THE NEUTRAL ZONE
Wildfires are spreading rapidly in parts of California, and the early release of thousands of inmates is hurting firefighting efforts to control the damage. Thousands of inmates have been released early from California prisons this year due to issues of overcrowding, as well as coronavirus concerns. California has used inmates to help fight wildfires in the state since WWII, which created a shortage in the firefighting workforce. In order to comply with social distancing guidelines, the California Department of Corrections and Rehabilitation expects roughly 8,000 prisoners to be eligible for early release by the end of August.
Some inmates are arguing that they are not being recognized for their efforts by authorities. They allege that some violent offenders are being released ahead of many members of inmate firefighting teams, despite the fact that many of the inmate firefighters meet the criteria set forth by California Governor Gavin Newsom for early release. Attorney Maryann Cazzell issued a letter to Governor Newsom and accused the state of holding inmates unfairly to fulfill contractual obligations with CalFire. “They have an incentive to keep them there because they get paid for fulfilling this contract that they have with CalFire to provide firefighters,” she stated. A report from last year stated that inmate firefighters accounted for about a quarter of CalFire’s total workforce.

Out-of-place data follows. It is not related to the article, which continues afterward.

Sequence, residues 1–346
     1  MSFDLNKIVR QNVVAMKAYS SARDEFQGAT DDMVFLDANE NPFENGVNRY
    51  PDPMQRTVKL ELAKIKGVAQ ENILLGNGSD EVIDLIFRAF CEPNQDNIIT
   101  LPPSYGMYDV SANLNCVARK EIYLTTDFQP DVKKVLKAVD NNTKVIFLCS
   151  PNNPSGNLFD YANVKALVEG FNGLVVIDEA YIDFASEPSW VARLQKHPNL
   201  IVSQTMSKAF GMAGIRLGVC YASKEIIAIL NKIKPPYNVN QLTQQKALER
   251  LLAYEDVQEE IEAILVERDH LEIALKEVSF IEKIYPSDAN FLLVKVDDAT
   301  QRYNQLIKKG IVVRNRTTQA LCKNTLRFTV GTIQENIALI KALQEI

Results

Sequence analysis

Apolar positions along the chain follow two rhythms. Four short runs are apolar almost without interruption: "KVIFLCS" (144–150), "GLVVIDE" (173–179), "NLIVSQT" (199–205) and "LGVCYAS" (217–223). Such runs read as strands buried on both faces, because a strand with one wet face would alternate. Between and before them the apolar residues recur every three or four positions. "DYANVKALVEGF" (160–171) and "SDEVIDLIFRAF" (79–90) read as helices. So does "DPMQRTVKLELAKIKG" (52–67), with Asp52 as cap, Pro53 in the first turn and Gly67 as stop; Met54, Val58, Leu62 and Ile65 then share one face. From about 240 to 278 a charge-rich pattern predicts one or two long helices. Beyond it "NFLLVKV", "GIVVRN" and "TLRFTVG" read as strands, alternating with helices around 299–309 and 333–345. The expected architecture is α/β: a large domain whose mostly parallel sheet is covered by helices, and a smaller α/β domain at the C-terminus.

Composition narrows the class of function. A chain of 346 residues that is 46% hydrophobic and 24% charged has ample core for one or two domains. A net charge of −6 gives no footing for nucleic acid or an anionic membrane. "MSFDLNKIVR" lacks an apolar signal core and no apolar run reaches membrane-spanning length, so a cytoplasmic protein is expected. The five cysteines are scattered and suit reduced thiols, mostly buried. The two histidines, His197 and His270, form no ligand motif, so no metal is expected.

Shortage of Inmate Firefighters Hampers Response in Bay Area – KQED – 8/24/2020
While firefighters have mounted a heroic assault on fast-moving flames, risking their lives to protect numerous cities and towns, fire chiefs acknowledge that crews are severely understaffed, with only about 2,000 firefighters battling the North Bay and Santa Cruz fires combined going into last weekend. Last year, more than 5,000 firefighters fought to contain the Kincade Fire in Sonoma County, which burned a far smaller area.
Coronavirus Limits California’s Efforts to Fight Fires With Prison Labor – New York Times – 8/22/2020
“It’s the hardest thing I’ve ever done in my life,” said Ricardo Martin, who became an inmate firefighter while serving a seven-year sentence for driving while intoxicated and injuring another motorist in a crash. “But we took special pride in being able to actually save people’s homes,” Mr. Martin said. “Everybody talked about that and how good they felt about it.”
California faces an inmate firefighter shortage because the state released them early due to the pandemic – CNN – 8/24/2020
A total of 5,627 inmates have been released early since July 1, according to the CDCR. The early releases have meant there are 600 fewer inmate firefighters available this fire season compared to last year. Inmate firefighters “are an integral part of our firefighting operations,” Cal Fire Resource Management Communications Officer Christine McMorrow said.
Why Have Incarcerated People Been On The Frontlines Of California Wildfires? – Refinery 29 – 8/24/2020
Though Hampton argues what “should have been” a possibly deadly future of California’s incarcerated people, those who help fight wildfires while serving time are regularly denied necessary licenses to become actual firefighters upon their release. According to a 2018 report, all California firefighters are required EMT licenses, which are frequently refused to anyone with a criminal record.